It is well known by those skilled in the art, that, at different pressures, the composition of a given azeotrope will vary at least to some degree, and changes in pressure will also change, at least to some degree, the boiling point temperature. Thus, an azeotrope of A, B, C (and D . . . ) represents a unique type of relationship but with a variable composition which depends on temperature and/or pressure.
Therefore, compositional ranges, rather than fixed compositions, are often used to define azeotropes.
The composition can be defined as a particular weight percent relationship or mole percent relationship of A, B, C (and D. . . ), while recognizing that such specific values point out only one particular relationship and that in actuality, a series of such relationships, represented by A, B, C (and D. . . ) actually exist for a given azeotrope, varied by the influence of pressure.
An azeotrope of A, B, C (and D. . . ) can be characterized by defining the compositions as an azeotrope characterized by a boiling point at a given pressure, thus giving identifying characteristics without unduly limiting the scope of the invention by a specific numerical composition, which is limited by and is only as accurate as the analytical equipment available.
The azeotrope or azeotrope-like compositions of the present invention can be prepared by any convenient method including mixing or combining the desired amounts. A preferred method is to weigh the desired component amounts and thereafter combine them in an appropriate container.
The following Examples and comparative Examples serve to further illustrate or distinguish the invention. They are not intended to be limiting.
A series of flammability tests were carried out to determine the flammability curve for ethylene oxide intermixed with HFC-236 fa. The procedure was as follows. Ethylene oxide, air and the flame retardant, all at measured concentrations, were mixed in a 5 liter spherical vessel at 98.07 kPa (1 atmosphere) and 25° C. An electrically activated match was placed in the middle of the vessel to provide ignition energy to the mixture. Flammability, i.e. whether or not the mixture ignited, was determined by visual observation of the flame propagation to the vessel wall. The data for various mixtures is shown in FIG. 2 for the HFC-236 fa mixtures. The curve below the tangent line indicates ignition for that particular mixture. The curve shown in FIG. 2 represents the flammability curve for the mixture.
In order for a sterilant mixture to be non-flammable, it must be non-flammable at all concentrations of air, i.e. from 0 to 100 percent air. Thus, a straight line representing 0 to 100 percent air cannot cross below the flammability curve. A straight line from 0 to 100 percent air just tangent to but not crossing below the flammability curve represents the highest ethylene oxide concentration while maintaining the mixture non-flammable. Such straight line is drawn in FIG. 2 and shows that for ethylene oxide HFC-236 fa mixtures, the ethylene oxide concentrations can be up to 22 mole percent and yet the mixture remains non-flammable for all concentrations of air.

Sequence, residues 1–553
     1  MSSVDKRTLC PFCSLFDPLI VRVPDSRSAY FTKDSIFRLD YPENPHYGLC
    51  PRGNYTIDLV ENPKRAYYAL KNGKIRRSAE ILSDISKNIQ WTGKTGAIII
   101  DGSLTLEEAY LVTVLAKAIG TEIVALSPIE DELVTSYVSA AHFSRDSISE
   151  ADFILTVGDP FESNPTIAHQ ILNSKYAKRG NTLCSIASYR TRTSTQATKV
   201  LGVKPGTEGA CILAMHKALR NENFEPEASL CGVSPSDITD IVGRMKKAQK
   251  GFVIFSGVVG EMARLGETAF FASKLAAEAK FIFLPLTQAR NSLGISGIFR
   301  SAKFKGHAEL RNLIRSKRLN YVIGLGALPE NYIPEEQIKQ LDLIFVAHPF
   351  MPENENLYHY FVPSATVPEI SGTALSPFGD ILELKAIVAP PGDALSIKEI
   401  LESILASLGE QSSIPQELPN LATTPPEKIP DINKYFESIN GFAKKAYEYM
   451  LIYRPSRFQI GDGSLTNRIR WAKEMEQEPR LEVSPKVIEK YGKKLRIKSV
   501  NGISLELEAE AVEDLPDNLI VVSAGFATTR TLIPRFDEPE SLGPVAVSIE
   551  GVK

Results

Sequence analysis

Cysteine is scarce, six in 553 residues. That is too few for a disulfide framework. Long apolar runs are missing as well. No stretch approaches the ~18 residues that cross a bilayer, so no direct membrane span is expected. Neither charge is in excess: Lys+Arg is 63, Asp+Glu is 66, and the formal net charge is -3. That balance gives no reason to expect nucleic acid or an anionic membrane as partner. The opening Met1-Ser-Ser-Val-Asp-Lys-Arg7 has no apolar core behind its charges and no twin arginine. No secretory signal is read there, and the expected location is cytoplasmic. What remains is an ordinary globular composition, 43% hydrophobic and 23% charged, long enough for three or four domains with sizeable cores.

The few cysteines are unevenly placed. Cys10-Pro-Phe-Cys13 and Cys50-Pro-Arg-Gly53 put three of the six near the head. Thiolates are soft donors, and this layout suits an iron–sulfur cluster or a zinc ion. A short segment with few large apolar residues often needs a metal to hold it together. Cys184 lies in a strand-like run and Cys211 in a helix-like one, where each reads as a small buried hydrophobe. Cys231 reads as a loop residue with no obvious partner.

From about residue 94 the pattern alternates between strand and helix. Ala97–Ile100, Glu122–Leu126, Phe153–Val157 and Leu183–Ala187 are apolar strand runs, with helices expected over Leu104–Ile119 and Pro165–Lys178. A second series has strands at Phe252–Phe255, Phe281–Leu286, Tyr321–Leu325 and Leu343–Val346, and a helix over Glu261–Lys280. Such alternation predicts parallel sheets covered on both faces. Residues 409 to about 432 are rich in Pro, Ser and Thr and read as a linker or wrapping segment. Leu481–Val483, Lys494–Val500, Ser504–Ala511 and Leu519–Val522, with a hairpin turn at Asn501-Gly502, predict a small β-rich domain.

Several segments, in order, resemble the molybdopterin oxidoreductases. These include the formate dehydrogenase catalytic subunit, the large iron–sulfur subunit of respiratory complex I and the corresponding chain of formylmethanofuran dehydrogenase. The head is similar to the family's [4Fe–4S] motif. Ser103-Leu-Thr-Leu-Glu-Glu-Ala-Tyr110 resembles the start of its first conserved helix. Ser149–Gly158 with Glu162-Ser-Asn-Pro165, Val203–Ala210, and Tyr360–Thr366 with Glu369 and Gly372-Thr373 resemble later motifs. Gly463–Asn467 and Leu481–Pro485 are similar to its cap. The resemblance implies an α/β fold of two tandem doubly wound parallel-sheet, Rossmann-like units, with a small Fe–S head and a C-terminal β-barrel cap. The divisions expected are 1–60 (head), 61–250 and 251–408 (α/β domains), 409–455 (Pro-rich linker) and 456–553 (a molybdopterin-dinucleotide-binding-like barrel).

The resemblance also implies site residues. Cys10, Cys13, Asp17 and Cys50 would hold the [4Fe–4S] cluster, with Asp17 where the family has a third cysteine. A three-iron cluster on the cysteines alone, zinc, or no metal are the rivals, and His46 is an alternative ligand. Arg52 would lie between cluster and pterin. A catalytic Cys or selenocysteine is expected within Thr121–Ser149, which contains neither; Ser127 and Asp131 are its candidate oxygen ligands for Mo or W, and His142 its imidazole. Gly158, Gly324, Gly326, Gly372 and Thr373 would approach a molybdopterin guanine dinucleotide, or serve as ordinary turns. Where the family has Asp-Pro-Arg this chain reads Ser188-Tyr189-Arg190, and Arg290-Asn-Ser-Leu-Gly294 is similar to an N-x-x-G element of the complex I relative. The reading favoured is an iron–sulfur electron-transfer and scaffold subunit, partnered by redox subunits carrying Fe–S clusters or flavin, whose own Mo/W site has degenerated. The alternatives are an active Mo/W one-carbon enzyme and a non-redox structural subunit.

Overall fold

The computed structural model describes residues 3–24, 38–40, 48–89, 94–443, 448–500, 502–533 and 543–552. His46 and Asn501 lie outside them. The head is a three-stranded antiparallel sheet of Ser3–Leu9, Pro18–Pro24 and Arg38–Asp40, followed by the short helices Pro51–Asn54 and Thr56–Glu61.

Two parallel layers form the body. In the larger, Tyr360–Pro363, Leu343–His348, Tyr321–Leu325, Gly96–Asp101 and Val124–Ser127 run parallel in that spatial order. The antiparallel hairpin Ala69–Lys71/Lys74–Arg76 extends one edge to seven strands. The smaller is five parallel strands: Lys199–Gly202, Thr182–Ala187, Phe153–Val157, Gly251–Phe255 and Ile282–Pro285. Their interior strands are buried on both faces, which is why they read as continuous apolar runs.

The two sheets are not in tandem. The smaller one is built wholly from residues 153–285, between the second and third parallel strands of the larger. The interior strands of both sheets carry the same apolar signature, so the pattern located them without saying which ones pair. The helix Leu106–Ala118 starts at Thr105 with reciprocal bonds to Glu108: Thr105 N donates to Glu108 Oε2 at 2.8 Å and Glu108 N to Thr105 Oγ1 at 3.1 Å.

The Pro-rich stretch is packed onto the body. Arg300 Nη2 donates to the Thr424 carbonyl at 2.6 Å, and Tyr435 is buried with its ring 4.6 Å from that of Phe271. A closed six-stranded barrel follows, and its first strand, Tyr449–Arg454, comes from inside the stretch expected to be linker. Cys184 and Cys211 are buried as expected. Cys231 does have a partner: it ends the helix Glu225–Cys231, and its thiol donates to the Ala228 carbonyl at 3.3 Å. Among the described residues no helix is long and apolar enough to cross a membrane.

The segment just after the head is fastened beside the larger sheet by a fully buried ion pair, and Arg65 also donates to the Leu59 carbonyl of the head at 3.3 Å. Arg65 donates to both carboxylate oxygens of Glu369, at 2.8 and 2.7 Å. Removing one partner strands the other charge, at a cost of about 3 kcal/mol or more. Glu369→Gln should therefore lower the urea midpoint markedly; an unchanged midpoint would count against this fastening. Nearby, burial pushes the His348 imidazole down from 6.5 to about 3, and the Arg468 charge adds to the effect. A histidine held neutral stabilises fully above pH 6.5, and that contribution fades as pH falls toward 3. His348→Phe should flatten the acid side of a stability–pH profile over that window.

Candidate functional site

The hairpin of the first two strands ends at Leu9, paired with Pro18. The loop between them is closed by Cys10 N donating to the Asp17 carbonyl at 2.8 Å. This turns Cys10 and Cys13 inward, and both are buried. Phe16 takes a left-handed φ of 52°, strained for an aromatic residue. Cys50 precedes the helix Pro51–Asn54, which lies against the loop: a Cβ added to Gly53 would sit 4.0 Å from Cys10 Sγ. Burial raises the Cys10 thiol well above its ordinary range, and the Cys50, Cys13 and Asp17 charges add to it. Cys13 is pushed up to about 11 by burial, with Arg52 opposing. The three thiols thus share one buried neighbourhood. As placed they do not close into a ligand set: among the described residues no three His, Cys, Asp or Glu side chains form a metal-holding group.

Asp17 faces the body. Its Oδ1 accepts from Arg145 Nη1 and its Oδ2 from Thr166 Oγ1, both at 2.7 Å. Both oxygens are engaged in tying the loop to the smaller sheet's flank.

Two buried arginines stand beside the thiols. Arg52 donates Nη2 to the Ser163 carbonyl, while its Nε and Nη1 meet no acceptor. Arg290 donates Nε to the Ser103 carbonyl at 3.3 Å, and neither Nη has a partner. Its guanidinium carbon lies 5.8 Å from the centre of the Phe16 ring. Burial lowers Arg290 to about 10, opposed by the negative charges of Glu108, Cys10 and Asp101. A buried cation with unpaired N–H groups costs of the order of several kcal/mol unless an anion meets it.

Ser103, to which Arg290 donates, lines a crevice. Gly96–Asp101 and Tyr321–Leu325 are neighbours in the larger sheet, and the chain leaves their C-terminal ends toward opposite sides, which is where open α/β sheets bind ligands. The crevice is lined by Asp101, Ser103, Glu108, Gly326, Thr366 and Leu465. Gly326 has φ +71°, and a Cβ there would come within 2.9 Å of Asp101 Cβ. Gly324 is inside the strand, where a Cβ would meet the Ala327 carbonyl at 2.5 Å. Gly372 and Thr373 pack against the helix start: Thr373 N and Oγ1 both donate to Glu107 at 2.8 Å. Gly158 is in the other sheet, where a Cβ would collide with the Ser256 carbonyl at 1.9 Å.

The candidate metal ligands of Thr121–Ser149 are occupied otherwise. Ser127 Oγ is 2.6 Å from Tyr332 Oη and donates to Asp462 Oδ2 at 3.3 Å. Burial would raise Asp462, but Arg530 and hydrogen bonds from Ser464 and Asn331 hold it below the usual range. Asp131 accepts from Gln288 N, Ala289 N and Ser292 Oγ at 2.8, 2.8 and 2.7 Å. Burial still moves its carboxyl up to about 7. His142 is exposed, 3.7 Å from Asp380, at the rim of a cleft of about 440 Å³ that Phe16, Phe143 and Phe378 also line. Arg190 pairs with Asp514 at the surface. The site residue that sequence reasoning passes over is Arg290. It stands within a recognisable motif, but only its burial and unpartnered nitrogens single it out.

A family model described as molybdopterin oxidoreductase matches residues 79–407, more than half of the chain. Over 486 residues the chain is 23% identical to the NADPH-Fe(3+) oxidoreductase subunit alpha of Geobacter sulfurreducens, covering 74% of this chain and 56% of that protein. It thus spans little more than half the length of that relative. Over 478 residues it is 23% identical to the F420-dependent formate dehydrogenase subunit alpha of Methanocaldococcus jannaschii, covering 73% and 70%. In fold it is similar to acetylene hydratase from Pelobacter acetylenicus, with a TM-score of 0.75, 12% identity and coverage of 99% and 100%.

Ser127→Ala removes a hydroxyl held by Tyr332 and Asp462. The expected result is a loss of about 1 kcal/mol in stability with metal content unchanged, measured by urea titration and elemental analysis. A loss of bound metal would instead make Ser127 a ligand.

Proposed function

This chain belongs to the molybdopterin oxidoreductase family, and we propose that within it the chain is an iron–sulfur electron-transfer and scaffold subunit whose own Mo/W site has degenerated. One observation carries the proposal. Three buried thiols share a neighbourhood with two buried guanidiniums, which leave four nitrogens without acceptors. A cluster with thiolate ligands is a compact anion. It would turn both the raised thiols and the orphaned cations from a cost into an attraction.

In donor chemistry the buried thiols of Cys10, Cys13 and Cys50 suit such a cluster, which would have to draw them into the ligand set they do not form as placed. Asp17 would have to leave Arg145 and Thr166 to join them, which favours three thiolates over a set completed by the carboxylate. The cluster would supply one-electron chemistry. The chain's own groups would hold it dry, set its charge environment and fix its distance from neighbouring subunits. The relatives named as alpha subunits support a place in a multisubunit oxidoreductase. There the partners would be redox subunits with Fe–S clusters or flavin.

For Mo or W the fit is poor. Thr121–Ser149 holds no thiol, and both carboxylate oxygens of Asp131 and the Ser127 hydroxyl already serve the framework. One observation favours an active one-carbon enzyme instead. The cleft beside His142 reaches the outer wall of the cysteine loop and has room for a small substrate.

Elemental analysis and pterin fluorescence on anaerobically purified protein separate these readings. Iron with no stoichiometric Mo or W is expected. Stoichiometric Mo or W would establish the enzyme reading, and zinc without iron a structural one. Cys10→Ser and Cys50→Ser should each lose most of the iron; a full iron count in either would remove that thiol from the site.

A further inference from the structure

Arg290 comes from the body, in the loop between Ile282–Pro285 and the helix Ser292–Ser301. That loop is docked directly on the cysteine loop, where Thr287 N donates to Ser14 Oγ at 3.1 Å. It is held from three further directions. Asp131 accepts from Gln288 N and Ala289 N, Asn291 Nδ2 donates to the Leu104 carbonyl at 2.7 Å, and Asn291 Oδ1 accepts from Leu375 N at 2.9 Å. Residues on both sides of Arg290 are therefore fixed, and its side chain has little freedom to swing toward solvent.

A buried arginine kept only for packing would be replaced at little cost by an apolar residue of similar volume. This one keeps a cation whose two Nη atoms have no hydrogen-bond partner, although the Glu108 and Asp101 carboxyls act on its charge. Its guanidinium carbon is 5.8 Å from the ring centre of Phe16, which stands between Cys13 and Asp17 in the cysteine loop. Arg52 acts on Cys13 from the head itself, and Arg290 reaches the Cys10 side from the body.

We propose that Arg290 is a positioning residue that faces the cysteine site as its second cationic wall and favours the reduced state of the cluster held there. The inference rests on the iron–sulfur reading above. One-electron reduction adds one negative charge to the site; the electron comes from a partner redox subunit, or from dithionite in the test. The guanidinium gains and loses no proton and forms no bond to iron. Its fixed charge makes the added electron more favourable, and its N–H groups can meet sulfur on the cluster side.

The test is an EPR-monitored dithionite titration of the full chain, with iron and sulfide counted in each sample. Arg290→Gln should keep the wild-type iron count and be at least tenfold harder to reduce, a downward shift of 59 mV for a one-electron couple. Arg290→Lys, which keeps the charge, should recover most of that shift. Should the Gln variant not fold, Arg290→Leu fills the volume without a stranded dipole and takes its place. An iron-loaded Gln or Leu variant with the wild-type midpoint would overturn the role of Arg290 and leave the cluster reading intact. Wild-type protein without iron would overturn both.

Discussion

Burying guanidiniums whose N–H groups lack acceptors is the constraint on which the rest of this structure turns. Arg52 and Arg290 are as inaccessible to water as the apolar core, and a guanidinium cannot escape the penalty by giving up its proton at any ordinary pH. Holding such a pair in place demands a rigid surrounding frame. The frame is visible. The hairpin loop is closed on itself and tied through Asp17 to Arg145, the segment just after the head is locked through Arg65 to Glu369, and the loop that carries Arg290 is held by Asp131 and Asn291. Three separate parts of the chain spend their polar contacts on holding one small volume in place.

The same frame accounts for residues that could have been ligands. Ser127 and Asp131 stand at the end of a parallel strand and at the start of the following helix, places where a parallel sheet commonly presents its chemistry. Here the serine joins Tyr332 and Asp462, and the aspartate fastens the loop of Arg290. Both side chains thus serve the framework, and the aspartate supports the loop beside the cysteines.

For comparative purposes, the above-described procedure was repeated except that 1,2,2,2-tetrafluoroethane (HFC-134 a) was used in place of HFC-236 fa. HFC-134 a has become generally accepted as the most likely replacement for CFC-12. This data is reported in FIG. 3. As is shown by the data, a mixture of ethylene oxide and HFC-134 a is non-flammable only up to a maximum ethylene oxide concentration of 12 percent over the full range of air concentration.
The above Examples 1 and 2 demonstrate that the sterilant gas mixtures of the present invention exhibit a non-flammability nearly double that of the mixture formulated with the widely acknowledged replacement for CFC-12.
A phase study on the following composition, wherein the composition is varied and the vapor pressure is measured, at a constant temperature of 25° C., shows that the following composition is an azeotrope.
31.6 mole percent ethylene oxide
68.4 mole percent HFC-236 fa
vapor pressure=44.7 psia (308 kPa)
A vessel is charged with an initial composition at 25° C., and the vapor pressure of the composition is measured. The composition is allowed to leak from the vessel, while the temperature is held constant at 25° C., until 50 weight percent of the initial composition has been removed, at which time the vapor pressure of the composition remaining in the vessel is measured. The results are summarized below.
______________________________________Ethylene oxide/HFC-236fa 0 wt % % change incomposition evaporated 50 wt % evaporated vapor(Mole percent) psia (kPa) psia (kPa) pressure______________________________________ 6.6/93.4 42.0 (289) 40.8 (282) 2.9 9.7/90.3 42.8 (295) 41.7 (288) 2.422.1/77.9 44.4 (306) 44.2 (305) 0.527.7/72.3 44.7 (308) 44.6 (308) 0.227.7/72.3 44.7 (308) 44.7 (308) 037.9/62.1 44.6 (308) 44.5 (307) 0.246.3/53.7 44.2 (305) 43.6 (301) 1.453.5/46.5 43.7 (301) 42.3 (292) 3.259.7/40.3 43.1 (297) 40.5 (280) 6.065.0/35.0 42.3 (292) 38.2 (263) 9.7______________________________________
These data show that compositions from 6 to 65 mole percent ethylene oxide and from 35 to 94 mole percent HFC-236 fa are azeotropic or azeotrope-like in that when 50 weight percent of an original composition is removed, the vapor pressure of the composition changes less than about 10 percent.